The Lifetime Conservation Award
Stewart Brandborg - 2011
Stewart Monroe “Brandy” Brandborg grew up in Idaho and Montana, where his father was a national forest supervisor. He tramped the hills near home with a rifle, rod, or binoculars. In summer, he saddled up for trips into the Salmon and Clearwater country, wild places he long admired. He earned degrees from Montana and Idaho’s universities and led mountain goat research at wildlife agencies in each state.
The National Wildlife Federation hired him to work in Washington, D.C., in 1954, and The Wilderness Society soon swooped him up as assistant executive director to Howard Zahniser. Zahnie, a revered wilderness advocate, recognized the potential of Brandy’s intelligence and hospitable nature.
Brandy campaigned for the Wilderness Act by recruiting “citizen leaders.” He developed local committees with the Montana Wildlife Federation, an idea that sparked the creation of the Montana Wilderness Association in 1958. In The Promise of Wilderness, historian James
Morton Turner describes Brandy as “a bear of a man…deep-voiced, and devilishly charismatic. He could give a busy taxi cab driver reason to care about wilderness, and he could hold the attention of a senator on a street corner.”
Zahnie, the author of The Wilderness Act of 1964, died just before the bill became law. Brandy succeeded him and was at the helm when the act became law. Smithsonian Magazine noted the achievement as the first time “…land was set-aside for the specific purpose of protecting it from the reach of mankind.” Brandy was The Wilderness Society executive director for 12 years and was a force in movements that protected more than 70 wilderness areas in 31 states. “I was pleased to pick up the banner for wilderness,” he told a University of Montana historian. “But I realized…we had to have…the awareness of everyday people [in] the arena of wilderness preservation. That stuff had to be taken to people of heart and substance who would carry the battle. I saw that as my role.”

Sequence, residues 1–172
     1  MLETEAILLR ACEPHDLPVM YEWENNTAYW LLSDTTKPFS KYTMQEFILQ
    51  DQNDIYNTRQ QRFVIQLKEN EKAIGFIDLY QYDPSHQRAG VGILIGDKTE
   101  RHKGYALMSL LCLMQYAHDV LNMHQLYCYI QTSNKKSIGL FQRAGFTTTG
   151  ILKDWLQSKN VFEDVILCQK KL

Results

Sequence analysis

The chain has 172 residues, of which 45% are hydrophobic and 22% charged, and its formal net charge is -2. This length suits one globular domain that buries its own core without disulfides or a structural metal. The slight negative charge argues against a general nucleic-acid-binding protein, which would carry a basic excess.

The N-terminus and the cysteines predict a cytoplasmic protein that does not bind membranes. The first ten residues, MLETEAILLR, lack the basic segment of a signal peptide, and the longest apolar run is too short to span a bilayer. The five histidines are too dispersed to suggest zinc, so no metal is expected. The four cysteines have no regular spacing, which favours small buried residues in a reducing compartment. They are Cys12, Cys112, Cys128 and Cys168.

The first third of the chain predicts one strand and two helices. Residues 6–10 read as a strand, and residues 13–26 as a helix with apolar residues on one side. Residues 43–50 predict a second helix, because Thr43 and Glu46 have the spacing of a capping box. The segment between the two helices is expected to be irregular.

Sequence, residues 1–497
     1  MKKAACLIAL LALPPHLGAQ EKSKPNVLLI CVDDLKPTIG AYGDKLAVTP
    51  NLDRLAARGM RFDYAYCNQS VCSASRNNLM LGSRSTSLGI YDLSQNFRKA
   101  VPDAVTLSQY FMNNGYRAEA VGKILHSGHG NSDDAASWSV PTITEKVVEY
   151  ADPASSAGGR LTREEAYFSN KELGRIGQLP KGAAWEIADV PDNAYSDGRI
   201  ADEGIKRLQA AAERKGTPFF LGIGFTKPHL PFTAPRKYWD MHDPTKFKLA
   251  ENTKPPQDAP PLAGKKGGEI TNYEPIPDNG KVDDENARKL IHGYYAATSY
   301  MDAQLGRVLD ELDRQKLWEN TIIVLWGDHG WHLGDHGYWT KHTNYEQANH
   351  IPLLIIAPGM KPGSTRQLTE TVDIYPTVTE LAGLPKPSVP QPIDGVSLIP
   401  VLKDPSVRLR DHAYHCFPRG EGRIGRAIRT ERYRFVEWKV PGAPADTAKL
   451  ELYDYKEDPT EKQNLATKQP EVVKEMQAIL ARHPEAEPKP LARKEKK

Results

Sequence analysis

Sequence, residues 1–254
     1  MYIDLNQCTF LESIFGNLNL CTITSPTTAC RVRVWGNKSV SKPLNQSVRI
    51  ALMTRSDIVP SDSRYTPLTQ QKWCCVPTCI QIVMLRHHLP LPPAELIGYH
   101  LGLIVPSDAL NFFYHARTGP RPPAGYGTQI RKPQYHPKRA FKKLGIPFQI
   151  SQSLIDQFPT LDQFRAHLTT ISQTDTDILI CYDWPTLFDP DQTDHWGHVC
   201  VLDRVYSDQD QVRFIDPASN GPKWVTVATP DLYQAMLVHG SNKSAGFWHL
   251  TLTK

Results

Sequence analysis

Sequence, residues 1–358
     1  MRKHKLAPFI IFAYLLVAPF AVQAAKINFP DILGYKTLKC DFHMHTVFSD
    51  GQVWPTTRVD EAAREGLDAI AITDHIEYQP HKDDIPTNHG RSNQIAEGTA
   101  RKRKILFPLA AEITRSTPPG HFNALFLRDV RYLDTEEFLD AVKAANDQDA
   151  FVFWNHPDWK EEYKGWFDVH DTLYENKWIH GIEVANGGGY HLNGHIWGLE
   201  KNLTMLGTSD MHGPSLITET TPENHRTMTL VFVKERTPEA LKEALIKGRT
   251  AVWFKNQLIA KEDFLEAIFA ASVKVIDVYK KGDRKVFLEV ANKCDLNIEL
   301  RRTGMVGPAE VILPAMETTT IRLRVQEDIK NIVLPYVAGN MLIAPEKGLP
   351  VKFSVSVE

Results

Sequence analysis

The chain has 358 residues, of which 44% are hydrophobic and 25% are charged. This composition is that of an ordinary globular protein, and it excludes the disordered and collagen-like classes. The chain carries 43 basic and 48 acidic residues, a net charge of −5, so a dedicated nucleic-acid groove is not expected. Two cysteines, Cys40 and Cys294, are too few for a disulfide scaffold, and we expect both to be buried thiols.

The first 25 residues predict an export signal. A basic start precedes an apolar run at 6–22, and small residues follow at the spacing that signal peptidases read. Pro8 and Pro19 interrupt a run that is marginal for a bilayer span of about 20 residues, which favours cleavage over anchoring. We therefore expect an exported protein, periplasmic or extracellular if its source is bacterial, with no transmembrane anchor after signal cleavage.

In Montana, Brandy worked for the creation of the Anaconda-Pintler, Bob Marshall, Cabinet Mountains, Gates of the Mountains, Medicine Lake, Mission Mountains, Red Rock Lakes, Scapegoat, Selway-Bitterroot, and UL Bend wilderness areas. In 1986, he moved back to Montana to settle near Hamilton with his beloved wife, Anna Vee, where they continued work to preserve natural environments. They raised five children, Beki, Betsy, Dan, Fem, and Lisa.
“We must not give up the fight to save every acre of wildland that can be given enduring protection within the national wilderness system established by the Wilderness Act,” Brandy said in a challenge to all of us.
Recognitions include the Robert Marshall Award from the Wilderness Society, an honorary science Ph.D.from the University of Montana, and The Lifetime Conservation Award from the Missoula Conservation Roundtable.
By Tom Palmer, Montana Outdoor Hall of Fame